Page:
Will A Treadmill Help My Sciatica?
By Simon Gould
Note - Please talk through with a health care professional any exercises you plan to do. As sciatica can be very different for each individual.
Sciatica is a debilitating condition affecting the sciatic nerve. The nerve goes from the lower back and down each leg. There are various symptoms that can affect each person but it is normally associated with a shooting pain that goes down the leg. Lower back pain and even difficulty moving a leg or foot can occur for some.
Exercise will help
As per Spine-Health, exercise is vital to help heal your sciatica problem. They do advise that an initial flare up may require some bed rest. But do not avoid exercise and other movement, otherwise you could make the problem worse. Inactivity is the enemy when it comes to help alleviating your symptoms.
A range of exercises are recommended, from stretching to low impact aerobic exercise. There's still a lot you can do although you may not feel like it yet. The last thing you want is to atrophy and weaken your back muscles because your pain will worsen. Please see a health care professional before undertaking any exercise routine in case you do further damage.
With sciatica I would advise that you need a bit more preparation for your exercises than others. You could try some heat therapy on your lower back where the sciatic nerve starts. This could be a hot water bottle or warm bath. Just 15 to 20 minutes to lessen pain and soften the tissue. I would also take an anti inflammatory to ease your symptoms and reduce pain. Then you'll be ready to start.
Stretching is beneficial
Stretching exercises for the lower back and your legs will be your go to beginning. We need the back muscles and legs to remain strong and flexible. When you do your stretches they should not hurt. Perform each stretch 3 or 4 times and don't make any sudden movements or force it. Below are some suggested stretches.
Lunges - From a standing start, make a large step forward with the left leg, the right heel will lift off the ground and both knees will be bent. From this position slowly lower yourself toward the ground around 3 to 4 inches. Then do it with the other leg by striding forward with the right leg and repeat. This will help your posture and lower back.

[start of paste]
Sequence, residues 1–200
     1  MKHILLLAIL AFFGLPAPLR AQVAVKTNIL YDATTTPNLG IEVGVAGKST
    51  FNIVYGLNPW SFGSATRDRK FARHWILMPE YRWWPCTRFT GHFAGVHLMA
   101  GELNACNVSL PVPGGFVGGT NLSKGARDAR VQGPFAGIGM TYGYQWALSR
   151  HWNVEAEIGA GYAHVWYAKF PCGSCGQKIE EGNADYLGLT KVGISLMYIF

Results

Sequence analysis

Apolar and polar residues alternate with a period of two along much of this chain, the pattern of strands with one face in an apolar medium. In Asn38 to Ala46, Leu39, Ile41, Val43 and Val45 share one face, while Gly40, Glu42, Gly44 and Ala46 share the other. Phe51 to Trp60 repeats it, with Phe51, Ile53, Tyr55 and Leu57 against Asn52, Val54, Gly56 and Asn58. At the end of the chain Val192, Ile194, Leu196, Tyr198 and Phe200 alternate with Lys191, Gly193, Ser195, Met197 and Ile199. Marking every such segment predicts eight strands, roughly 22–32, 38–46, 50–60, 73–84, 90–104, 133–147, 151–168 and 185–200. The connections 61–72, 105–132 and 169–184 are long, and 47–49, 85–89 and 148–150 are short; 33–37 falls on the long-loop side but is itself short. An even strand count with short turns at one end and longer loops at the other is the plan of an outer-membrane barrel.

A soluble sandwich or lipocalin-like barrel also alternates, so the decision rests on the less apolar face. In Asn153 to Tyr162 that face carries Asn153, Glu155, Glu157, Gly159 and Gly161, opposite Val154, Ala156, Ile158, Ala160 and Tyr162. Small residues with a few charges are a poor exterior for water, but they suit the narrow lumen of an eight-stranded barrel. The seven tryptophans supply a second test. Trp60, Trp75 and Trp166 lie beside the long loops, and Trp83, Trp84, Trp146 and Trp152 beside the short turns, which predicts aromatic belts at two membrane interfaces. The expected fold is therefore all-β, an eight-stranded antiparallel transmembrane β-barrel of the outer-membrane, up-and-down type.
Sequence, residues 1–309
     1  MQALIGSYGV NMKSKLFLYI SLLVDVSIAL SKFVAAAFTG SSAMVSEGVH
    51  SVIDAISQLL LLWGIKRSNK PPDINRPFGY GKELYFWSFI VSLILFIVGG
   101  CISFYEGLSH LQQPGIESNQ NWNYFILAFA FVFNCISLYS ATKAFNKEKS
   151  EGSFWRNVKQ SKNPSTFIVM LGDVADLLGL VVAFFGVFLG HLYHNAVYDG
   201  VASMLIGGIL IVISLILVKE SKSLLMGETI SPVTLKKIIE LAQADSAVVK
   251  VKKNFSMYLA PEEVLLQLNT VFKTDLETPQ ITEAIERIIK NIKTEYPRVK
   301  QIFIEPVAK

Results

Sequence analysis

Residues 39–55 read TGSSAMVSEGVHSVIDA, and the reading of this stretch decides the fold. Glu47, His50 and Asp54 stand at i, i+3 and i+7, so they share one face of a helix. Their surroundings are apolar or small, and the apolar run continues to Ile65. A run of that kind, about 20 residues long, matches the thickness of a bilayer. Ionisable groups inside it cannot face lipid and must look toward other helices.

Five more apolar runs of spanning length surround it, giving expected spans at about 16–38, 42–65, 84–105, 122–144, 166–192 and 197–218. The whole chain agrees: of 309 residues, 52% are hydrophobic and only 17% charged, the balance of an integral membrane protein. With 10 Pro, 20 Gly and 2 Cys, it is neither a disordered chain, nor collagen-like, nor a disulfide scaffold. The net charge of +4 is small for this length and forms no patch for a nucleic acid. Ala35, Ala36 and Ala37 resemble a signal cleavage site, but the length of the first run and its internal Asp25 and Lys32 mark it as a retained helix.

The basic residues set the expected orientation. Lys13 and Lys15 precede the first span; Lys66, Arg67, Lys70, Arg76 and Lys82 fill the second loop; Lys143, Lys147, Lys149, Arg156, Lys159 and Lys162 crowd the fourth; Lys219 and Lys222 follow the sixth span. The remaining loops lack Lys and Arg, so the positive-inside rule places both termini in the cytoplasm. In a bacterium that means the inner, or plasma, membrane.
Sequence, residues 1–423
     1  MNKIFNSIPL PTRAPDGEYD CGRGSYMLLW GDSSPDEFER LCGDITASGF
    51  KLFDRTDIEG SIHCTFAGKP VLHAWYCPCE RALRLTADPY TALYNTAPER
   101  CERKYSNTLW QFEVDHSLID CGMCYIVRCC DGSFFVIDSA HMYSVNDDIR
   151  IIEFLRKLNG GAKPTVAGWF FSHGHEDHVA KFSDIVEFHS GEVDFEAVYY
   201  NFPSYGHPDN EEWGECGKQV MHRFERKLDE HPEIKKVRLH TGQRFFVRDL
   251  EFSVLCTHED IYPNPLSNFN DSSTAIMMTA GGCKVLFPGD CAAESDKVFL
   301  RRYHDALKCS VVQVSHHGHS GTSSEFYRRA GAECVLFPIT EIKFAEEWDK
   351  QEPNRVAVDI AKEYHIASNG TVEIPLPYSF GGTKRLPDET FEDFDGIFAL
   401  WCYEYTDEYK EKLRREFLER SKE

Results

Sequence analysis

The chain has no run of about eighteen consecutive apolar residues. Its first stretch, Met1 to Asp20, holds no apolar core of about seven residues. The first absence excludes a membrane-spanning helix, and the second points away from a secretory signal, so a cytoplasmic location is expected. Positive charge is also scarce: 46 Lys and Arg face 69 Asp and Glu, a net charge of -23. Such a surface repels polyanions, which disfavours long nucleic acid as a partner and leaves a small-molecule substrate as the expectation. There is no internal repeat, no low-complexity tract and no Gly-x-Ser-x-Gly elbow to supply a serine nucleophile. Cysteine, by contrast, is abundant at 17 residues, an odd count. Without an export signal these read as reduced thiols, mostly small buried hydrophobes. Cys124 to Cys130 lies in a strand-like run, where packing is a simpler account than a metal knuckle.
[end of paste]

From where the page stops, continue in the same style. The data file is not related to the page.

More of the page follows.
Knee to chest - Lie down on your mat with your back facing down. Then, while still lying down, lift the left knee to the chest and hold on to your shin with your hands. Then do this with the right knee and repeat the stretches. This helps stretch and contract the lower back. The bottom and glutes are also worked.
Bottom to heel - Get down on the floor and position yourself on all 4's. Then push your bottom onto your heels and allow your arms to relax and out stretched. Do this movement 3 or 4 times while you feel comfortable. You can really feel the lower back on this one and your arms and shoulders will feel the benefit too.
Knee rolls - Be careful with this one. Move slowly and stop if you start to feel uncomfortable. Lie down on your back with your arms stretched out to the side. Lift your knees up and keep the soles of your feet flat on the floor. With your knees bent move your knees to the left and then to the right making sure you don't stretch too far.
When you've finished your routine it's good to get a cool down. This will be the opposite of the heat one so a 15 to 20 minute cold bath. This will allow your back and muscles to begin their recovery and make sure you'll be able to repeat the experience a few days later. You only need to exercise around 3 times a week, don't over do it.
Using a treadmill
So you may have a treadmill already and you've got sciatica now as well. You can still use a treadmill but you are advised that you shouldn't run. This is a high impact exercise and will make your problem worse. You can still walk on a treadmill and if you use an incline this will make it an aerobic exercise.
Aerobic exercise is where your heart beat starts to go quicker and you may sweat. You can still have a conversation so you shouldn't be out of breath. On a treadmill you could walk at 3.0 mph and a 3% incline for 20 minutes and this would be really good exercise for you. Tailor the routine to what you can do and build up if you need to. Twenty minutes is a good target.
There are other low impact aerobic exercise you can do. This could involve an exercise bike, an elliptical trainer or swimming. Anything that get's you moving is good for you. If your sciatica stops bothering you anymore then still keep up an exercise routine to stop it coming back. As with stretching do heat therapy before, take an anti inflammatory and cool down after.
With some conditions, exercise is not advised but that's the opposite with sciatica. It is positively encouraged to help alleviate your symptoms. All types of exercise helps. I've given instructions for stretching and aerobic exercise. Anaerobic or strengthening exercises will help as well. A strong back is a great help for unpleasant symptoms.
Back strength exercises can be found on my upper body strength routine page. Sciatica doesn't have to rule your life. As long as you do the research about your problem, you can help alleviate it. Some people need surgery for sciatica and this is where your health care professional comes in. This is what maybe needed if standard treatments and exercise doesn't work.
Meet The Author
I'm Simon Gould. I've been around treadmills my whole life. From running on them at an early age to working in treadmill dept's of national stores. I've run outside and I've run on treadmills and I prefer running on treadmills. I still run on one nearly every day and love it.
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4 Why do I run slower on a treadmill?
5 When will I see results from using a treadmill?